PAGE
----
Cardiovascular hydrodynamic systems, such as pulse duplicators, reproduce the human systemic circulation and they play a pivotal role as in vitro assessment tools for testing heart medical devices such as aortic valves and stents [1]. Hence, spe- cific ISO standards govern their safety assessment, prescribing in vitro experiments aimed at replicating the target operating conditions in humans [2]. In this scenario, the modernization of existing mock circulatory loops, in terms of both hardware and software components, offers new possibilities to dominate their intrinsic complexity, through the rapid exploration of new suitable solutions. This research involves the modernization of an existing non-commercial pulse duplicator in use at the Heal- ing Research Laboratory at the University of Padua, Italy [3]. The cardiovascular hydrodynamic system is characterized by high customizability, modularity, and it allows simulating a wide range of physiological and pathologic conditions. The focus of this research is the automation of a crucial system component that is the periph- eral resistance device, aggregating the system effects of resistance to flow providing a suitable pressure drop. To this aim, a new motorized peripheral resistance valve, equipped with a stepper DC motor, a H-bridge, and Arduino Uno board, replaces the current manual device. Specifically, the problem of valve automatic setting ad- justment is tackled in a data-driven way by means of an Extremum Seeking Control algorithm exhibiting interesting plug and play characteristics. The proposed ap- proach can handle the intrinsic system complexity to fix the incomplete knowledge of certain system characteristics while guaranteeing good performance in a wide range of system configurations and operating conditions. The effectiveness of the automated peripheral resistance device has been verified through experimental tests and the automation of other fundamental system components will be considered in the future.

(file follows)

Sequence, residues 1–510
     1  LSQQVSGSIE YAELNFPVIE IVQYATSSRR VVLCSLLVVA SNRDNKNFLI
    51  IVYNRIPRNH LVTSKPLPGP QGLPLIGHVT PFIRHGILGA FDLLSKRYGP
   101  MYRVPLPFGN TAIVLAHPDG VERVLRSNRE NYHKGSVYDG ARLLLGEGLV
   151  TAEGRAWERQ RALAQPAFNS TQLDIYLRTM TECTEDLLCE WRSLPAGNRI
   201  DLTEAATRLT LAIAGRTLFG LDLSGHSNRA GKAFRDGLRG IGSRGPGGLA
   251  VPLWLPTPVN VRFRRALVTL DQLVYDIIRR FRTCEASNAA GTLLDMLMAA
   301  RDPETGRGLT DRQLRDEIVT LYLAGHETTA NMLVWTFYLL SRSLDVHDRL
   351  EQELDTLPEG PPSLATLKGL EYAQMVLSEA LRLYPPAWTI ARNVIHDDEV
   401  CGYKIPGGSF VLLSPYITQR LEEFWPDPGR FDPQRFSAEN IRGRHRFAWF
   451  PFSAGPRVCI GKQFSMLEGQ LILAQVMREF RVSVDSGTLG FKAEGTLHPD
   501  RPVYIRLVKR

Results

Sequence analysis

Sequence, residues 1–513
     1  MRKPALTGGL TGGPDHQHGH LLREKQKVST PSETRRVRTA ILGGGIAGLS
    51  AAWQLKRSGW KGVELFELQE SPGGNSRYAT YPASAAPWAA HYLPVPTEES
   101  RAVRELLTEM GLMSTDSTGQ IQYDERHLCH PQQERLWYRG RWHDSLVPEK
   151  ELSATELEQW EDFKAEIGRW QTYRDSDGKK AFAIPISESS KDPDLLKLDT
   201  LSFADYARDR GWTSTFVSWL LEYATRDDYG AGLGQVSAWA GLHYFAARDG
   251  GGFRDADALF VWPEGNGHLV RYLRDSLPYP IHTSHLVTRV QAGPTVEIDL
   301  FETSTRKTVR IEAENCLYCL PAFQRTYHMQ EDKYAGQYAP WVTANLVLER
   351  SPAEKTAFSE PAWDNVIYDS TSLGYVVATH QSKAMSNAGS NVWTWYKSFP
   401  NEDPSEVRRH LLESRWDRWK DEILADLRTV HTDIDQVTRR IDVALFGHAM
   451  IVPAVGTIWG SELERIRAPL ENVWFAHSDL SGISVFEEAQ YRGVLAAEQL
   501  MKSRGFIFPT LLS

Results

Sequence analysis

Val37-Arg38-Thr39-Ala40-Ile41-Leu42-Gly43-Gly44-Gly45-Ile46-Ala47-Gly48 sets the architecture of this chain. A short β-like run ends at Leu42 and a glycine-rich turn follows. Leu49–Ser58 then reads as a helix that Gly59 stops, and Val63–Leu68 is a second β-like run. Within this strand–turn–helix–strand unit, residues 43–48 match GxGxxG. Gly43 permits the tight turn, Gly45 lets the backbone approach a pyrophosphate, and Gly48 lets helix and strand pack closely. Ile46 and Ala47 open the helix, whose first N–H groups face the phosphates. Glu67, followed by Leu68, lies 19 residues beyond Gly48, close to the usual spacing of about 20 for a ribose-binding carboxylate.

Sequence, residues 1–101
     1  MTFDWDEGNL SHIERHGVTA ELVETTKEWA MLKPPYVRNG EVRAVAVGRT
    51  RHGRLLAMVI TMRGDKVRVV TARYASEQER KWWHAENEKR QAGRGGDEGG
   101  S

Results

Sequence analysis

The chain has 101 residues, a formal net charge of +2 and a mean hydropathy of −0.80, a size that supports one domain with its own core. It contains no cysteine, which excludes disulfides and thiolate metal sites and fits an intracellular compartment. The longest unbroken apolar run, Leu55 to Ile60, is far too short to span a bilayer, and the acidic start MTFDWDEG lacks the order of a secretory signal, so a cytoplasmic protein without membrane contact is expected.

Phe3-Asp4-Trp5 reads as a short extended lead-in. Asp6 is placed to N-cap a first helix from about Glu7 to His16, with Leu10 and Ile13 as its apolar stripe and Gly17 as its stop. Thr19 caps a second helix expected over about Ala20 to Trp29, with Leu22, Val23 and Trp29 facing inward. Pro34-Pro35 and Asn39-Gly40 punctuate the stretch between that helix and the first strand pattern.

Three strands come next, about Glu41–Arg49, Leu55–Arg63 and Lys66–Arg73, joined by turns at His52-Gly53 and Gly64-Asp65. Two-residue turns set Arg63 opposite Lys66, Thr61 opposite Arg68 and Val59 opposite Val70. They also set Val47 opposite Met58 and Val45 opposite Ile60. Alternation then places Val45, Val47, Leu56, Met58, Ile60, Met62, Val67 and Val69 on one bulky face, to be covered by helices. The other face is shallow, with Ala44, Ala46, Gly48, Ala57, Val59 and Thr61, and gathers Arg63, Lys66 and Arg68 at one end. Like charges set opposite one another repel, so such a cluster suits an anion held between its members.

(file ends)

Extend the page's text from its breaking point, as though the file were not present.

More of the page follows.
Modernization of a Cardiovascular Hydrodynamic Testing System through the Automation of its Peripheral Resistance Device

Eleonora Manzoni
;
Mirco Rampazzo;Luigi Di Micco;Francesca M. Susin
2021

Abstract

Cardiovascular hydrodynamic systems, such as pulse duplicators, reproduce the human systemic circulation and they play a pivotal role as in vitro assessment tools for testing heart medical devices such as aortic valves and stents [1]. Hence, spe- cific ISO standards govern their safety assessment, prescribing in vitro experiments aimed at replicating the target operating conditions in humans [2]. In this scenario, the modernization of existing mock circulatory loops, in terms of both hardware and software components, offers new possibilities to dominate their intrinsic complexity, through the rapid exploration of new suitable solutions. This research involves the modernization of an existing non-commercial pulse duplicator in use at the Heal- ing Research Laboratory at the University of Padua, Italy [3]. The cardiovascular hydrodynamic system is characterized by high customizability, modularity, and it allows simulating a wide range of physiological and pathologic conditions. The focus of this research is the automation of a crucial system component that is the periph- eral resistance device, aggregating the system effects of resistance to flow providing a suitable pressure drop. To this aim, a new motorized peripheral resistance valve, equipped with a stepper DC motor, a H-bridge, and Arduino Uno board, replaces the current manual device. Specifically, the problem of valve automatic setting ad- justment is tackled in a data-driven way by means of an Extremum Seeking Control algorithm exhibiting interesting plug and play characteristics. The proposed ap- proach can handle the intrinsic system complexity to fix the incomplete knowledge of certain system characteristics while guaranteeing good performance in a wide range of system configurations and operating conditions. The effectiveness of the automated peripheral resistance device has been verified through experimental tests and the automation of other fundamental system components will be considered in the future.
MCHBS2021 Virtual Workshop Mathematical Modelling and Control for Healthcare and Biomedical Systems 28-30 September 2021 BOOK OF ABSTRACTS
978-88-8080-138-2
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Utilizza questo identificativo per citare o creare un link a questo documento: https://hdl.handle.net/11577/3411603
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